dc.description.abstract<table><tr><td colspan="2" class="item-title">Maternal Worry as a Inverse Correlate of Self-Efficacy</td></tr><tr class="item-sponsor"><td class="label">Conference Sponsor:</td><td class="value">Western Institute of Nursing</td></tr><tr class="item-year"><td class="label">Conference Year:</td><td class="value">2006</td></tr><tr class="item-author"><td class="label">Author:</td><td class="value">Hendrickson, Sherry, PhD, APRN, BC</td></tr><tr class="item-institute"><td class="label">P.I. Institution Name:</td><td class="value">The University of Texas at Austin</td></tr><tr class="item-author-title"><td class="label">Title:</td><td class="value">Assistant Professor</td></tr><tr class="item-address"><td class="label">Contact Address:</td><td class="value">School of Nursing, 1700 Red River, Austin, TX, 78701, USA</td></tr><tr class="item-phone"><td class="label">Contact Telephone:</td><td class="value">512-471-9079</td></tr><tr class="item-email"><td class="label">Email:</td><td class="value">sherryh@mail.utexas.edu</td></tr><tr class="item-co-authors"><td class="label">Co-Authors:</td><td class="value">Jacquelyn Williams, PhD, APRN</td></tr><tr><td colspan="2" class="item-abstract">Purpose: This presentation discusses the development of a 10-item Spanish-language maternal worry instrument and the relationship of the measure to self-efficacy for home safety behaviors within a home visit study. Background: Research on parental worry related to injury prevention is minimal and almost nonexistent involving minority women and home visits. This tool measures maternal worry about commonly occurring injuries to preschool age children. Discussion of the issue or concepts/variables of interest: It was anticipated that those mothers with higher worry scores would be more vigilant and would demonstrate higher self-efficacy scores for home safety behaviors. Early, classic work of Janis' (1958) discusses the &quot;work of worrying&quot; and Lazarus (1984, 2000) discusses avoidance as a mechanism for coping with worry. Methods: The tool was created by the primary author, and screened by promotoras for appropriate language, and feedback on administration. It was piloted with 56 monolingual, Spanish-speaking mothers, mostly of Mexican origin, with 28 in the comparison and 28 in the treatment groups. These women were served by agencies in Las Cruces, New Mexico and Austin, Texas. Mothers were randomized to one of two groups, maintaining allocation concealment. The experimental group received a home safety intervention. The controlled group received an equal-attention visit on preschool readiness. Delivered at Visit 2, the visit intervention lasted approximately one hour. Results: The Cronbach alpha for the newly created worry instrument is .84. An inverse relationship was demonstrated between maternal worry about household hazards &amp; perceived self-efficacy for home safety behaviors. Implications: When worry occurs in the absence of the mother's ability to cope effectively, nursing needs a way to assess this situation, support increasing maternal self-efficacy and collaborate with mothers to improve the health of their children in a culturally-appropriate manner. Home visits about safety may make mothers feel more confident and may produce less worry even if receiving an equal-attention, non-intervention visit. Increased maternal worry was not correlated with mothers' perception of their ability to keep their children safe, so decreasing worry seems a desirable goal. Funding: Received through NIH, NINR funding which created the Southwest Partnership Center, the distributor of these research monies.</td></tr></table>en_GB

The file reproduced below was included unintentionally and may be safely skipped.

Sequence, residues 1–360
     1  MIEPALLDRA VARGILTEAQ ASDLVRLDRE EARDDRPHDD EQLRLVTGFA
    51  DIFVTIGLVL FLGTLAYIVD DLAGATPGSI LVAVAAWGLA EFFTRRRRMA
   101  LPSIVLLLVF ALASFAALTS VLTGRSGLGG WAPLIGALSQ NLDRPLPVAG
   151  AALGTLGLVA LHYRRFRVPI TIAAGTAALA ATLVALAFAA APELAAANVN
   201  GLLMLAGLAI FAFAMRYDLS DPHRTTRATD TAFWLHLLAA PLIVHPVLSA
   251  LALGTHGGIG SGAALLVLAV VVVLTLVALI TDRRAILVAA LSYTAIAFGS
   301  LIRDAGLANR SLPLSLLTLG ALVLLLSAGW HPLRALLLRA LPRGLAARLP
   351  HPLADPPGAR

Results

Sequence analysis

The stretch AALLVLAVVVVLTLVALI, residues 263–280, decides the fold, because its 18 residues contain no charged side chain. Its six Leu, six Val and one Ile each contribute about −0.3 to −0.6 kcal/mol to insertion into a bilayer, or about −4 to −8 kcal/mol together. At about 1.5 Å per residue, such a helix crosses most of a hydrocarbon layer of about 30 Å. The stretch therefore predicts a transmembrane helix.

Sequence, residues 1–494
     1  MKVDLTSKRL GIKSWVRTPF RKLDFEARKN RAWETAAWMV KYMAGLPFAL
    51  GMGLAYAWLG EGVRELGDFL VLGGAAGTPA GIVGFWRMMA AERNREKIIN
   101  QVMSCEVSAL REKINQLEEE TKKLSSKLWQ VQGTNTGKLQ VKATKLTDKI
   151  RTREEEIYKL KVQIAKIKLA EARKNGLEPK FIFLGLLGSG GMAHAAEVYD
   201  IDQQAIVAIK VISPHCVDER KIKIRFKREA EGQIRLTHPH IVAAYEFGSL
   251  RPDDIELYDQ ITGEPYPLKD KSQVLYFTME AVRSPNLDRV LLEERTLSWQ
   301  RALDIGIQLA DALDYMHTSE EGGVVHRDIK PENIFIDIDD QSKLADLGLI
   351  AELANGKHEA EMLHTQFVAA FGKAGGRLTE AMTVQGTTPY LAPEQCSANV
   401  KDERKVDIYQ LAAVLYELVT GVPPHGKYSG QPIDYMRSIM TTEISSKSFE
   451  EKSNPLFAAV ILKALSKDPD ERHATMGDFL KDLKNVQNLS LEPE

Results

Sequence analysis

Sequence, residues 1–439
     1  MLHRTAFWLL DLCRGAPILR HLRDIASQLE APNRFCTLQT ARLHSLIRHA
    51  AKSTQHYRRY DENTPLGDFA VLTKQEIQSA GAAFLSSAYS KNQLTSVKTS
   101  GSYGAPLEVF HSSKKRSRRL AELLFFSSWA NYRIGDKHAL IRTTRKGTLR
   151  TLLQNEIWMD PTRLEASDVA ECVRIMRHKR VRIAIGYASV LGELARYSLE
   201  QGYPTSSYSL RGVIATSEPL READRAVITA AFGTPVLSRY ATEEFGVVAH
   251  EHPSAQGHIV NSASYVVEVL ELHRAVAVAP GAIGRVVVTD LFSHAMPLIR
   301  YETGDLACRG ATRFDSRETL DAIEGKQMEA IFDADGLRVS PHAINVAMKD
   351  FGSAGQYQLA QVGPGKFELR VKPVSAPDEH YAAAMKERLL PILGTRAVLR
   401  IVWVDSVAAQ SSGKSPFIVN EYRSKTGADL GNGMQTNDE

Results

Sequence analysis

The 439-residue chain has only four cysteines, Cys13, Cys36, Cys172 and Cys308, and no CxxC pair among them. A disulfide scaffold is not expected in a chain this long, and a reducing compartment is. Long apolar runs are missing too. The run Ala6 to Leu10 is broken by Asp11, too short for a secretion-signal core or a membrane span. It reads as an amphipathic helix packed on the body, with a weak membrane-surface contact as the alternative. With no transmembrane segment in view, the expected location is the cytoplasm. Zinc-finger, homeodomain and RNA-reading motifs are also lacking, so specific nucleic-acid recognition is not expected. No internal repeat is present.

dc.date.available2011-10-26T20:28:25Z-
dc.date.issued2011-10-17en_GB
dc.date.accessioned2011-10-26T20:28:25Z-
dc.description.sponsorshipWestern Institute of Nursingen_GB